Angelina Beltrani, Copy Editor|
It was not uncommon to posess smoking and nicotine addictions for people born in the 1960s, and who grew up in the ‘70s and ‘80s. Naturally this applies to generations even before those decades as well. The dangers of smoking were either unknown or simply not a normalized part of the culture at the time. However, children and teens across America have been subject to Drug Abuse Resistance Education programs or something similar. We accept that all buildings are non-smoking and do not question designated smoking areas.
We have seen all the anti-smoking, fear-inducing-cancer PSAs. We have sat through many outdated VHS tapes about peer pressure. So, when we get to college and are required to take some version of an alcohol and drug seminar, it can be tedious. Some might argue we’re a little numb to it. But, that’s not a bad thing, it just means these ideas are instinctual and obvious to us because we were conditioned from a young age. This is not to say my generation is free of addiction; of course, this is not the case. However, we are not an ignorant group of young people. We are fully aware of the dangers in smoking, drinking, and the like. We participate at our own risk.
Several years ago, I knew someone that wanted to quit smoking once and for all (there were many failed attempts prior, as any addict knows). They came to this resolution as e-cigarettes began to be widely marketed. E-cigarettes were being marketed as an alternative to the nicotine gum and patches that disappointed time and time again in order to kick the pesky and dangerous smoking habit. And, it did work– technically. They haven’t smoked a cigarette in quite a few years. Instead I have watched them become increasingly dependent on their e-cigarette. They must always have it on their person, ready for use. They bring cartridges wherever they go to refill when their pen runs out. While this person may no longer risk lung cancer, they have become even more addicted to nicotine than when they were a smoker.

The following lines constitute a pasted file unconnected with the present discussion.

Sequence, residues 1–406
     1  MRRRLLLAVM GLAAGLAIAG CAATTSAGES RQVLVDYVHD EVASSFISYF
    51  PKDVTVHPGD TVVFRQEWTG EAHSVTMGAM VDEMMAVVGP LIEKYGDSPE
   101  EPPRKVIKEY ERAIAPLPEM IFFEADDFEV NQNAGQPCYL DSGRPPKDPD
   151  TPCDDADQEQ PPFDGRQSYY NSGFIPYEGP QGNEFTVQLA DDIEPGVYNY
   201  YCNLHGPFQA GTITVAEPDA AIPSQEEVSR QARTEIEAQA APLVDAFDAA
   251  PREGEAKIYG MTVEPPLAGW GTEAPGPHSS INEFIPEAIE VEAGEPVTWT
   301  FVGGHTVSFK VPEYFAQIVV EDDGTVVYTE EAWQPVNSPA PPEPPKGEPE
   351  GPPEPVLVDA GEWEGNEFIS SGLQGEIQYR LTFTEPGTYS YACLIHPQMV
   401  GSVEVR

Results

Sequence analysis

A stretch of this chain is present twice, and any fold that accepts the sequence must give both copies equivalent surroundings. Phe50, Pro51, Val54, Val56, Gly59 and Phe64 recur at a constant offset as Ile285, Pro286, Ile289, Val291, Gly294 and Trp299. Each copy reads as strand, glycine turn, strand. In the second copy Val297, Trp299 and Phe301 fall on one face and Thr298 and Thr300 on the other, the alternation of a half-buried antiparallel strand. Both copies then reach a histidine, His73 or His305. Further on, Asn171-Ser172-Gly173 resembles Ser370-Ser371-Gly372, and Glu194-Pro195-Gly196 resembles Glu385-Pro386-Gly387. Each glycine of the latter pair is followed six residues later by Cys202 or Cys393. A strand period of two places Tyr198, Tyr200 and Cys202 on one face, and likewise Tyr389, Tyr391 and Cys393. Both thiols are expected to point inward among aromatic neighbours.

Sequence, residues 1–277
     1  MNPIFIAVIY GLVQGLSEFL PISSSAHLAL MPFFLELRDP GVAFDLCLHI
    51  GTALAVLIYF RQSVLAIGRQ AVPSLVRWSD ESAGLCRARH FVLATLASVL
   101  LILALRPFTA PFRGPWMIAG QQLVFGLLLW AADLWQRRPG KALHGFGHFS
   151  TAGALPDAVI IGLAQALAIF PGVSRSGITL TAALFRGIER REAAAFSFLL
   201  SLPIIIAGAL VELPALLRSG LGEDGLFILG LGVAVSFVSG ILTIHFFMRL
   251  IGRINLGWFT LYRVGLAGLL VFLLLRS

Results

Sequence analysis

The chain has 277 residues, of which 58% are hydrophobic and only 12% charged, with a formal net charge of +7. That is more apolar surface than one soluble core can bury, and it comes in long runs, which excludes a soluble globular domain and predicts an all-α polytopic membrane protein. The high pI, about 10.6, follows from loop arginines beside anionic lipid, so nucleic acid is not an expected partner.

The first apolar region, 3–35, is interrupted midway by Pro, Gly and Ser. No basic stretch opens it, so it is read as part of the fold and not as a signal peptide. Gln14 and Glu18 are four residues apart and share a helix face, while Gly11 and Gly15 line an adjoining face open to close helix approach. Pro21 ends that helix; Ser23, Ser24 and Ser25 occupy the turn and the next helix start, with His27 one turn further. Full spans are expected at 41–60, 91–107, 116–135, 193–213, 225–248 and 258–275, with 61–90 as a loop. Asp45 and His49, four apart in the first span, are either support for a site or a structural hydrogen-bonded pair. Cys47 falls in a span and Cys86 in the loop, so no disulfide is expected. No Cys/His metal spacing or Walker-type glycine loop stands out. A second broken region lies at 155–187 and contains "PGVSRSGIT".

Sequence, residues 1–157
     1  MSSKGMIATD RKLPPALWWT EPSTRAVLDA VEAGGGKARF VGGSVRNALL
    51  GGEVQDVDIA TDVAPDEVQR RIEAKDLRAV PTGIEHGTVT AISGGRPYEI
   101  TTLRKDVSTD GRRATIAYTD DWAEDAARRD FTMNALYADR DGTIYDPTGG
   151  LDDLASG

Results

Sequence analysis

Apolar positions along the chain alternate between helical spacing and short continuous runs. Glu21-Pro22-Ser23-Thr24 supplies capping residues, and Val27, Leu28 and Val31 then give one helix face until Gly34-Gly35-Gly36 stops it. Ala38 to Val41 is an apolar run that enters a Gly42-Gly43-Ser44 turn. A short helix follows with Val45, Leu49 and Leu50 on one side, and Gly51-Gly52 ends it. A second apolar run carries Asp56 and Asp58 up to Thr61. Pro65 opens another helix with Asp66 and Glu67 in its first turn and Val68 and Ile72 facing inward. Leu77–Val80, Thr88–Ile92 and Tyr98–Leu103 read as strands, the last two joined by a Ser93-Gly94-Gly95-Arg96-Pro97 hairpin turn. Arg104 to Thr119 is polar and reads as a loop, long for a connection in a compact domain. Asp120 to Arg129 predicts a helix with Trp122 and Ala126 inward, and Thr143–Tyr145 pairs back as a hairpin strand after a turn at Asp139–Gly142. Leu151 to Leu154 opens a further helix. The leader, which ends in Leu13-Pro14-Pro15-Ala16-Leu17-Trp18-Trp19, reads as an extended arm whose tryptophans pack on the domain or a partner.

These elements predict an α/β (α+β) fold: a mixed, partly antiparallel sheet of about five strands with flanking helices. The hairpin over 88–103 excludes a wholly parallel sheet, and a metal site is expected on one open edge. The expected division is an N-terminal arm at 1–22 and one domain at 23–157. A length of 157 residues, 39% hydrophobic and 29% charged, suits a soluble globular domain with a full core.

It is important to note e-cigarettes are not proven to be free of harmful chemicals. Many of the chemicals are not even known, and the ones identified have been characterized as “toxic cancer-causing chemicals, including an ingredient used in anti-freeze” (lung.org). Furthermore, the flavorant diacetyl has been linked to lung disease. Thus, a person’s chance of lung cancer may be reduced if they trade habits but will not eliminate their odds.
In the past few years, the targeted demographic for e-cigarettes has shifted from frustrated middle aged smokers to teenagers and young adults. And with this shift comes my cause for concern. I have found the Achilles’ heel in our conditioning, and it is as small as a flashdrive – juuls.
No, I am not saying everyone that partakes in vaping is subject to an ill fate nor am I calling for a ban. The age to purchase a vape is set at 18-years-old —the legal age of adulthood, as it should be. But I have witnessed the casual use and blasé attitudes that come with juuling. We’ve all seen that one person who hits their juul in class. That’s not normal, or it shouldn’t be. I know of people addicted to nicotine, and I am not sure they even realize the weight of their dependence. I can’t help but draw the comparison to the normalization of cigarettes of past generations. My generation does not bat an eyelash at this new activity. I do not oppose the activity itself; we should be free to make our choices. However, I am concerned about our general lack of awareness.
As much as I rolled my eyes growing up at all the anti-smoking campaigns, they most likely, at least on some level, contributed to the fact that I have never picked up a cigarette nor harbor a desire to. We should be informing children and teenagers in schools of the potential dangers that come not only with alcohol, smoking, and other drugs but also the newest fad– vaping. We should be including information about it in, college orientation, or drug and alcohol seminars. I am not one for excessive rules or regulations. I am, however, an advocate for education. We have the right to make these decisions for ourselves, but we should be making these decisions consciously and with the proper knowledge.